Millions of students attend college with the help of student loans. When the time comes to start repaying those loans, a private company (a “student loan servicer”) is supposed to help borrowers choose a repayment plan, process loan payments, and contact borrowers who fall behind on their payments to help them avoid default.
The Consumer Financial Protection Bureau (CFPB) has documented widespread concerns related to student loan servicers, which has helped lead to a broad recognition that borrowers deserve better quality loan servicing — particularly important for borrowers who are struggling to repay their loans and could benefit from federal “income-driven repayment plans,” which set loan payments based on borrowers’ incomes.
To help address these concerns, the Obama Administration issued three policy memos that established new student loan servicing standards for the next round of student loan servicing contracts. They called for a single student loan online platform that would give borrowers a central place to get basic information about their loans and to conduct business online, such as making loan payments. The standards also called for servicers to do more to help struggling borrowers and ensure that all borrowers receive quality customer service and understand their repayment options.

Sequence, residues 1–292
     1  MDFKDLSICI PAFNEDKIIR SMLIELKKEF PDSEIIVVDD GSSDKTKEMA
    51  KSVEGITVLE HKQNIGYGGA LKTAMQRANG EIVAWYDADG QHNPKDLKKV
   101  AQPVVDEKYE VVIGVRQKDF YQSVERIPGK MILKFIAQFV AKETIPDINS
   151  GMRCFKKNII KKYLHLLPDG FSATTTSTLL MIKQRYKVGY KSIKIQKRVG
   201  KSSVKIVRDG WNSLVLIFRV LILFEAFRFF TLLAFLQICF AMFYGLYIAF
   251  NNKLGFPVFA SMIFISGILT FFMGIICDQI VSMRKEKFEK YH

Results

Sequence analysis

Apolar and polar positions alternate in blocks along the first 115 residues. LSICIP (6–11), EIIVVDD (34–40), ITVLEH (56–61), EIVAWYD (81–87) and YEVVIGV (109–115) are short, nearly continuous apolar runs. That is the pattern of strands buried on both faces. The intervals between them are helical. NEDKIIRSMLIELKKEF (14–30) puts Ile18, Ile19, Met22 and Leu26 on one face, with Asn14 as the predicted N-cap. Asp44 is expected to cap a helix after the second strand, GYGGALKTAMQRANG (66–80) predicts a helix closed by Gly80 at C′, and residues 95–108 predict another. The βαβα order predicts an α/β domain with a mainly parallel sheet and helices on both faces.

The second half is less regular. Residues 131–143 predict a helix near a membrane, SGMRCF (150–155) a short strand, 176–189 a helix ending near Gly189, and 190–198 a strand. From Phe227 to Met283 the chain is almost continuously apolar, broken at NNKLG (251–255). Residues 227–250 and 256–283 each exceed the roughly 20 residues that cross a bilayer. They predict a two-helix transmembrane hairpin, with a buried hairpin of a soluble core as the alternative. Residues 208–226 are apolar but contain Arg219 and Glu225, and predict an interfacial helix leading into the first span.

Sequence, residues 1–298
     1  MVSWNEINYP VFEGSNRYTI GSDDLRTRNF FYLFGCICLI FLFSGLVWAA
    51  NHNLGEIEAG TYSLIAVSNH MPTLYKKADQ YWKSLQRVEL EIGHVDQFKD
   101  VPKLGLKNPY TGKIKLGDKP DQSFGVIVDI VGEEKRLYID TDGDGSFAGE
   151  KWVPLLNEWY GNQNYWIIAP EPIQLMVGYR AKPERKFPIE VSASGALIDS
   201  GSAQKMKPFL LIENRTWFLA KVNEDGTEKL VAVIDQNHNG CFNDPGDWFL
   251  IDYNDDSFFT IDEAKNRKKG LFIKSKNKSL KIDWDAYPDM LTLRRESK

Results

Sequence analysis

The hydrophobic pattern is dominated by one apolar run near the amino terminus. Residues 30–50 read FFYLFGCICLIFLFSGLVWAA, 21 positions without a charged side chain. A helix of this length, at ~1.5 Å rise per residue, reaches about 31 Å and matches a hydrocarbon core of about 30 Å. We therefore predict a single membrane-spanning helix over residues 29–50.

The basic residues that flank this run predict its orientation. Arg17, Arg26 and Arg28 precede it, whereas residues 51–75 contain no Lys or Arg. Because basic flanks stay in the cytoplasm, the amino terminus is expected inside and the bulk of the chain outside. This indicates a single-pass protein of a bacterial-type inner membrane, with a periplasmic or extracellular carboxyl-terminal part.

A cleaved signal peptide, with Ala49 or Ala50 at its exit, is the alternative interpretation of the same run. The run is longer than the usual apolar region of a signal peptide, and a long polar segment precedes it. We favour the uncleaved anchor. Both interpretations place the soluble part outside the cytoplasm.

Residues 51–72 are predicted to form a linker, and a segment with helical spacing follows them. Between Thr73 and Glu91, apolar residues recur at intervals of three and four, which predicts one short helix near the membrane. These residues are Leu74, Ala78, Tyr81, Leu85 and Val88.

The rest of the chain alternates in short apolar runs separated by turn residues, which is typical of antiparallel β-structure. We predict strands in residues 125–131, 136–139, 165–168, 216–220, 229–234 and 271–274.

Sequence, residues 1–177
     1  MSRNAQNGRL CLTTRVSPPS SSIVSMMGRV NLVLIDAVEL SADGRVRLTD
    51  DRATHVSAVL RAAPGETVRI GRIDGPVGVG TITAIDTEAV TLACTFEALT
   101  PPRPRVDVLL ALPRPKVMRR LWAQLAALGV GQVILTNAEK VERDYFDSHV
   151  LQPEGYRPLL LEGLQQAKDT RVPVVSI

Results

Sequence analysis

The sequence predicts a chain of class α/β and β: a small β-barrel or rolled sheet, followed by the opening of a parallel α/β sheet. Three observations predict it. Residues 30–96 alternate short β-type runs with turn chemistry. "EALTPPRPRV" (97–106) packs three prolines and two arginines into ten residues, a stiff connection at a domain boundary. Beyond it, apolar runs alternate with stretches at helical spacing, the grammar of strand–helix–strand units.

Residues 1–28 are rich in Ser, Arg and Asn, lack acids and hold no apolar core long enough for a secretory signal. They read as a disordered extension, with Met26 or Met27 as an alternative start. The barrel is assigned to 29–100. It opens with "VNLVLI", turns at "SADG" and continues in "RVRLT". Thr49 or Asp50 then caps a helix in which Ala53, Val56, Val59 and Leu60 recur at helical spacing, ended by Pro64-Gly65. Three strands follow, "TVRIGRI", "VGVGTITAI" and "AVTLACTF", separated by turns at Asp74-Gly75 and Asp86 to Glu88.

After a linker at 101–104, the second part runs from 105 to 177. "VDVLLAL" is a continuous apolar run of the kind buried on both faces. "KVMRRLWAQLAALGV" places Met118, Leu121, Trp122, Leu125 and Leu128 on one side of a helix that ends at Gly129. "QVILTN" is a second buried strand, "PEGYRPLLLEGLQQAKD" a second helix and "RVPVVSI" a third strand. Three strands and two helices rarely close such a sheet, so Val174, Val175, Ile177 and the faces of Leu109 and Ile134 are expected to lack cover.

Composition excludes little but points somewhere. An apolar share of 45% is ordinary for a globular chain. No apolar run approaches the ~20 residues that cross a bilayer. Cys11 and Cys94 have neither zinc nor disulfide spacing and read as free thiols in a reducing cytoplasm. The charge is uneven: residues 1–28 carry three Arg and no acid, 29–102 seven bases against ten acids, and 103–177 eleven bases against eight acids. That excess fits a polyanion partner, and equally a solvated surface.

But the Trump Administration withdrew these memos, and with them, the new standards, creating significant uncertainty both about whether new loan servicing contracts can be awarded in a timely way before the current contracts expire and whether the Administration is dropping the commitment to improve loan servicing and help struggling borrowers manage their student loan debt effectively. If so, certain loan servicers — including those with a history of providing poor service — may come out ahead, while borrowers’ problems grow.
In his inaugural address, the President said that, when it comes to taxes, he would make every decision “to benefit American workers and American families.” His proposals and actions to date belie that standard.
This week, the Administration reiterated costly and regressive elements of the President’s campaign tax proposal, including: cutting the corporate tax rate to 15 percent; a rate cut for “pass-through” businesses that would go primarily to wealthy investors and tax avoiders; and repealing the estate tax, which would prove a windfall for the heirs of the nation’s richest 0.2 percent of estates. Due to these and the President’s other announced tax policies, the 1 percent highest-income Americans would receive tax windfalls that would easily exceed $250,000 a year on average (and more than 10 percent of their after-tax income).